Miniature American Shepherd – Small Herding Dog with a Big Heart

The Miniature American Shepherd developed in parallel with the Australian Shepherd. He is almost the same as his older brother, but much smaller. Despite its compact size, the Miniature American Shepherd is a robust herding dog that can also prey on cattle. Accordingly, you must challenge and encourage your four-legged friend!

Miniature American Shepherd – Intelligent Herding Dog From the United States

In parallel with the Australian Shepherd breed, the miniature American Shepherd appeared in California. While many ranchers preferred “real” Aussies for cattle herding, “miniature” ones were used for sheep and goat herding. Their small size also had the advantage that these dogs were easier to keep as pets. Their intelligence and devotion also quickly made them popular companions in equestrian competitions and rodeos.

The breed was originally called the Miniature Australian Shepherd. In May 2011, the American Kennel Club (AKC) recognized the breed as the Miniature American Shepherd in the breed creation process, and in 2015 it received full recognition. In May 2019, the Miniature American Shepherd was also registered with the Verband für das Deutsche Hundewesen (VDH) and in September of the same year with the Fédération Cynologique Internationale (FCI).

Miniature American Shepherd Traits & Personality

Small but mighty! Even if Miniature American Shepherds are significantly smaller than their relatives, Australian Shepherds, don’t underestimate the dog. It is a full-fledged and assertive herding dog that can also hunt cattle. The Miniature American Shepherd is smart and has a quick mind, is persistent, and can work with concentration for long periods of time. By virtue of the breed, he has a herding or hunting instinct. He also has a certain instinct to be alert and protective. He is reserved but not hostile to strangers.

The Miniature American Shepherd has a strong desire to please, which means he wants to please his people and work with them. But he was also chosen to act independently. Therefore, the Miniature American Shepherd needs your constant guidance. As a shepherd dog, you also need to offer him something meaningful.

Training & Keeping a Miniature American Shepherd

Despite its size, the Miniature American Shepherd is a working dog that needs reasonable and appropriate physical and mental exercise. Ideally, he finds them in the care of livestock. In addition, it is suitable for dog sports such as obedience, agility, or mantrailing. Even if the Miniature American Shepherd is a smart dog with a great “will to please”, you should give it a thorough upbringing and training: attend puppy classes and dog school with your animal. Part-time Miniature American Shepherds can find jobs around the house like herding children, cyclists, or joggers.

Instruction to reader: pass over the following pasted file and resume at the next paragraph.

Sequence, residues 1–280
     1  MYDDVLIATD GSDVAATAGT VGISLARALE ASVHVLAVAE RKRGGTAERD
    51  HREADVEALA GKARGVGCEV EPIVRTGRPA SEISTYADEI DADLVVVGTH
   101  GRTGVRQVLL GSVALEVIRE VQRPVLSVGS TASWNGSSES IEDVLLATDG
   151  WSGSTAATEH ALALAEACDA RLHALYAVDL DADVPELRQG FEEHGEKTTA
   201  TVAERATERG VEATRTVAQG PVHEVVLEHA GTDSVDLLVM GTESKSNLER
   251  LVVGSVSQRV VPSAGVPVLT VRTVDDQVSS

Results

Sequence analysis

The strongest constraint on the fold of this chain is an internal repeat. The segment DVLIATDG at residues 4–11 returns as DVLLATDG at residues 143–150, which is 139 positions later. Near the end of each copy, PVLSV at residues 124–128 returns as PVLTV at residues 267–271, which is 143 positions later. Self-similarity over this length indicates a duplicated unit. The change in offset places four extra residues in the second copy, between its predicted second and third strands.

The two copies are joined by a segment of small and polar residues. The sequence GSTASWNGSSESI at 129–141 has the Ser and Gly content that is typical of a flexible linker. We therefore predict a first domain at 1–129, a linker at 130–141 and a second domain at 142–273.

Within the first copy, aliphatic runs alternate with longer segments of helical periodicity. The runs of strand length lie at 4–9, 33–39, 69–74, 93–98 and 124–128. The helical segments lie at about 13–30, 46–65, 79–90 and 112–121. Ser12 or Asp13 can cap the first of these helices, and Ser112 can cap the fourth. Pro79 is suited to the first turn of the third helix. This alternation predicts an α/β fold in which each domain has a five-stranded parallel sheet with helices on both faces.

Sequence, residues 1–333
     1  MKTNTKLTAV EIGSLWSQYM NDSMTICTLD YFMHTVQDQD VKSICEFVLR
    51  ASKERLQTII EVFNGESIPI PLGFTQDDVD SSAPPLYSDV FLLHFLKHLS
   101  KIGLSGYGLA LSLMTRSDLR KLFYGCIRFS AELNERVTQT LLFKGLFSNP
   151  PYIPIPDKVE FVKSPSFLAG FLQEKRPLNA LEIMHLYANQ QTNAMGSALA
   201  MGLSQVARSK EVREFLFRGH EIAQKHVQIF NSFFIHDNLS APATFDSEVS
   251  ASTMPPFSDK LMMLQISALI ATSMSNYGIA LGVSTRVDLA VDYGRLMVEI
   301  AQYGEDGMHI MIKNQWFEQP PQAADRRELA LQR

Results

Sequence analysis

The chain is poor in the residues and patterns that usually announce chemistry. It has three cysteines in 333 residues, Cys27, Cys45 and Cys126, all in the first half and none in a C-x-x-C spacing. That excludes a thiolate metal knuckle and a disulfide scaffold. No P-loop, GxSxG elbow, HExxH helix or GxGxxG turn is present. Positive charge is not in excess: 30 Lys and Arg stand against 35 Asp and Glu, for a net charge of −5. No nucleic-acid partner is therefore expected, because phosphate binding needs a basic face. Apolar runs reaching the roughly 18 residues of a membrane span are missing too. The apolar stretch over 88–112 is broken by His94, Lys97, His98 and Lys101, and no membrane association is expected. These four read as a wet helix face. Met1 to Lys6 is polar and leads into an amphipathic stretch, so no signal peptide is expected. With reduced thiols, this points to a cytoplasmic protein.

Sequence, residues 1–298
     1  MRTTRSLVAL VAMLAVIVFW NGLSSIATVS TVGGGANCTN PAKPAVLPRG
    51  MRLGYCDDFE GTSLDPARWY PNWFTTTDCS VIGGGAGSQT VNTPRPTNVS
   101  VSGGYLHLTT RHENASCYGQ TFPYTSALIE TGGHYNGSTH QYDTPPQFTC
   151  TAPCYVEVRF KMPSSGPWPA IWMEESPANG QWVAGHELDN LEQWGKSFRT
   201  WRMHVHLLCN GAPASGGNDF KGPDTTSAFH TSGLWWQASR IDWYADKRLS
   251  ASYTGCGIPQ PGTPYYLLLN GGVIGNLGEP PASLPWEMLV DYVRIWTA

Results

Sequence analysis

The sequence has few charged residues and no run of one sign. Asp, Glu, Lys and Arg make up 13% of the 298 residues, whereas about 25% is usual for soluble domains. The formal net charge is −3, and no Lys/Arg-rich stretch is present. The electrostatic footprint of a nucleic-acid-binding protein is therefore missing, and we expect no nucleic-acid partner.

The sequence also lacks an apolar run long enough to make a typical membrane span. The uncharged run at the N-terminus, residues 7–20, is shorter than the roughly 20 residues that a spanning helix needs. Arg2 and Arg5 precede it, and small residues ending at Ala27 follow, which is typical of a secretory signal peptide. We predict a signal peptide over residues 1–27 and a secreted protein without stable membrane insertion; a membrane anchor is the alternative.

As with all herding dogs with a low threshold of irritation and high levels of energy, you should make sure that your animal rests and relaxes, even as a puppy. Finding the right balance of activity and rest for your Miniature American Shepherd is very important.

Miniature American Shepherds always want to be around, they are not suitable for purely kennel keeping. The Miniature American Shepherd is very sociable and compatible with other dogs of its species, most of all enjoying contact with dogs of the same breed. It is well suited for keeping multiple dogs.

Miniature American Shepherd Care

The coat of the Miniature American Shepherd consists of a longer top coat and a woolly undercoat. The breed sheds a relatively large amount of hair, especially during the shedding period, which occurs once or twice a year. Therefore, you should brush your dog once a week or daily during shedding seasons to remove dirt and loose hair. Remove tangles and knots with a brush or metal comb.

Miniature American Shepherd Health

The Miniature American Shepherd is considered a breed with good basic health. However, she is prone to the MDR1 defect, an inherited condition that leads to hypersensitivity to certain drugs.

Mary Allen

Written by Mary Allen

Hello, I'm Mary! I've cared for many pet species including dogs, cats, guinea pigs, fish, and bearded dragons. I also have ten pets of my own currently. I've written many topics in this space including how-tos, informational articles, care guides, breed guides, and more.

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